So… Exxon passed Apple to reclaim the title of the World’s Most Valuable Corporation. But how much did Wall Street’s prognosticators have to do with Apple’s drop in value following its earnings report earlier this week?
While investors realize the company is facing stiff competition and potentially lower profits, a number of financial observers were way off in the predictions ahead of Wednesday results. Indeed, while Apple reported $54 billion in fourth-quarter revenue, analysts had forecast between $51.7 billion and $65.69 billion.
According to Fortune, some analysts were up to 17 percent wrong, while some well-known Wall Street Apple watchers came within 3 percent of the iPhone maker’s final numbers. Partially as a result of such wildly-varying forecasts, Apple is changing the way to releases its revenue guidance…
“The company didn’t have a bad quarter,” Fortune’s Philip Elmer-DeWitt writes.
In fact, it posted its best quarter ever… But the stock market is an expectations game and Apple is expected to blow past analysts’ expectations, not miss them.
So how did the 68 analysts Elmer-DeWitt do in projecting Wednesday’s outcome?
Avi Silver of CLSA had the best showing forecasting Apple revenue, missing the mark by just 0.37 percent off the fourth-quarter number. Sterne Agee’s Shaw Wu was the overall winner, his forecasts only 3.9 percent off.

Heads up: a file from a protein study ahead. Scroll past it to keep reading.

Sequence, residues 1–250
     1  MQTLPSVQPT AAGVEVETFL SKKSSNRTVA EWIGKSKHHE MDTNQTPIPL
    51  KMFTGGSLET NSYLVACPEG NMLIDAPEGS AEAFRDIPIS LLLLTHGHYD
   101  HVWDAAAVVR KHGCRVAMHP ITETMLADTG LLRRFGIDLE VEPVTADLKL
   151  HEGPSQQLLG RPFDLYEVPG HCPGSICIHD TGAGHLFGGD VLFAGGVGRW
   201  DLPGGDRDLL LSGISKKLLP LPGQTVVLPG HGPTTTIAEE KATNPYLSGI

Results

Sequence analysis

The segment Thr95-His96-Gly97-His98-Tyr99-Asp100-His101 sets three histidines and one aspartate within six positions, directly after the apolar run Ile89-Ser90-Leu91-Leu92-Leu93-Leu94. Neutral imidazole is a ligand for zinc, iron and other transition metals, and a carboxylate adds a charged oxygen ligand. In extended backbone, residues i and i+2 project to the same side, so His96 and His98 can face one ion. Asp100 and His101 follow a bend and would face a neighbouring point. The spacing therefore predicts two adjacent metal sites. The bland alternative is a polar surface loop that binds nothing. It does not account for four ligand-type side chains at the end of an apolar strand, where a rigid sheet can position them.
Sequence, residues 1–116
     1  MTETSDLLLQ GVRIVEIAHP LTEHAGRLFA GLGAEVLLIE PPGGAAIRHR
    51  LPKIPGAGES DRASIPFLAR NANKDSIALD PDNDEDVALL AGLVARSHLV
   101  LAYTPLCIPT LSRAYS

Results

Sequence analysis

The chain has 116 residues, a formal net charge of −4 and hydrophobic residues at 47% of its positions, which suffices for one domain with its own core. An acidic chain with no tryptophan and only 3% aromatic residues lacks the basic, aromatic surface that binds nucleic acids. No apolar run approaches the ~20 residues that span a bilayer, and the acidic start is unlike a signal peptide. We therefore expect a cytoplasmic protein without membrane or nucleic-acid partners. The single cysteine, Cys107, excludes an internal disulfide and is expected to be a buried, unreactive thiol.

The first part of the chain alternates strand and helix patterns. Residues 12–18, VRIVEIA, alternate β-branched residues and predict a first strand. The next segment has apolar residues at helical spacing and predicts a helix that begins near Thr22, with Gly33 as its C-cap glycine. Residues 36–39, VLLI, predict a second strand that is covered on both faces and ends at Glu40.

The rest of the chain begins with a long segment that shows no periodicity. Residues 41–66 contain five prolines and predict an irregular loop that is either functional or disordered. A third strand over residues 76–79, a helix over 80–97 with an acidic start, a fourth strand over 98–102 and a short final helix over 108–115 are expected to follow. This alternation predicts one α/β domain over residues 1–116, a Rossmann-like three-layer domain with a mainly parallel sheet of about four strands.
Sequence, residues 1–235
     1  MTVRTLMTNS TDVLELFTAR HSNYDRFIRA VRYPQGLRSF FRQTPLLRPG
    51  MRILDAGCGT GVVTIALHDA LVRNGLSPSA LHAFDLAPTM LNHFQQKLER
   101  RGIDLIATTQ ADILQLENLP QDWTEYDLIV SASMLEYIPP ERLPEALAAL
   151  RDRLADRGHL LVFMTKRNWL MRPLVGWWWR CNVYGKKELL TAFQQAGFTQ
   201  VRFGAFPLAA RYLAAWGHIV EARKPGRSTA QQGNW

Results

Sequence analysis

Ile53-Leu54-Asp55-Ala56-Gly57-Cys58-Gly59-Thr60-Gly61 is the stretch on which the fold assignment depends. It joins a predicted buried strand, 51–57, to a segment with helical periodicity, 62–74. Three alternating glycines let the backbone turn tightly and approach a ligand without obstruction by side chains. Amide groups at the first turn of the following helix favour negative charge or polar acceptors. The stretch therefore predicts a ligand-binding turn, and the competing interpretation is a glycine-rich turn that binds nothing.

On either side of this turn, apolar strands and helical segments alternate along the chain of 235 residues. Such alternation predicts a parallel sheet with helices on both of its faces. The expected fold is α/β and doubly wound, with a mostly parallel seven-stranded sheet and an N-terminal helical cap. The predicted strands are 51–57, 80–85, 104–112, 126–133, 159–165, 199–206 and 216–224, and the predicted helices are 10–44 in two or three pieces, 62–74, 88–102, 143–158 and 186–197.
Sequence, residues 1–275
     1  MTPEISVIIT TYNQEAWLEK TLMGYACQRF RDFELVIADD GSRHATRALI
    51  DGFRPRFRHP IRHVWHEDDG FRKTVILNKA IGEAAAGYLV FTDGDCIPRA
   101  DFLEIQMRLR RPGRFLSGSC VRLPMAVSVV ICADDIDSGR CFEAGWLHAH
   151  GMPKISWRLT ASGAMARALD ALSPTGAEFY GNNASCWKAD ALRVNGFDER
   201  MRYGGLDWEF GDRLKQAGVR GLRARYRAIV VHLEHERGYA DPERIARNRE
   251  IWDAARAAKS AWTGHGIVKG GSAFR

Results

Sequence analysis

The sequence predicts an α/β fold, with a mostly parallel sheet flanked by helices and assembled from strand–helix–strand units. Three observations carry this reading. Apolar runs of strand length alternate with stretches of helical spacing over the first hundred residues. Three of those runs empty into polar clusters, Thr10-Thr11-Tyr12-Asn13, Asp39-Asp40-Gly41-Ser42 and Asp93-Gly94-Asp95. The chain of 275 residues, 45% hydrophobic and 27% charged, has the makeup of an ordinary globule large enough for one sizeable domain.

By comparison, many of the analysts used to Apple blowing the doors off its guidance figures performed badly. Here’s a snapshot of DeWitt’s analysis of Apple analysts.
Asymco’s Horace Dediu and Andy Zaky of Bullish Cross landed in the cellar. Meanwhile, Traderhood’s Nicolae Mihalache was overly optimistic in earnings, revenue and iPhone sales, according to Fortune.
Also, Jim Kelleher of Argus Research undershot both Apple’s revenue and iPad sales.
To help prevent such future departures from reality, Apple reportedly is changing how it releases its guidance before quarterly reports.
Instead of issuing just one “conservative” figure – which analysts presume will always be vastly lower than the final figures, the company will release a guidance range, letting analysts come to their own forecasts.
Here’s the outspoken Jim Cramer on AAPL.
For those not in the know, Cramer is a well-known and stock market manipulation veteran (your video proof is right here).
At the end of the day, reality must eventually set in. The days when Apple had the smartphone market practically to itself is gone. So are the huge sales and revenue figures which came as consumers adopted smartphones.
Now that much of North America and Europe have smartphones, the focus is turning to emerging countries, such as China. Not only does Apple now have Samsung to contend with, but the company must also learn how to produce the same quality products but at lower prices.
Ironically, while many observers felt the introduction of the iPhone 5 and the iPad mini would compress Apple’s luxurious gross margins, the consumer technology giant surprised analysts, announcing a 38.6 percent gross margin.
Analysts had expected Apple to report a gross margin between 37.5 and 38.5 percent. However, among the talk of “Apple’s toast,” this stat was hardly mentioned.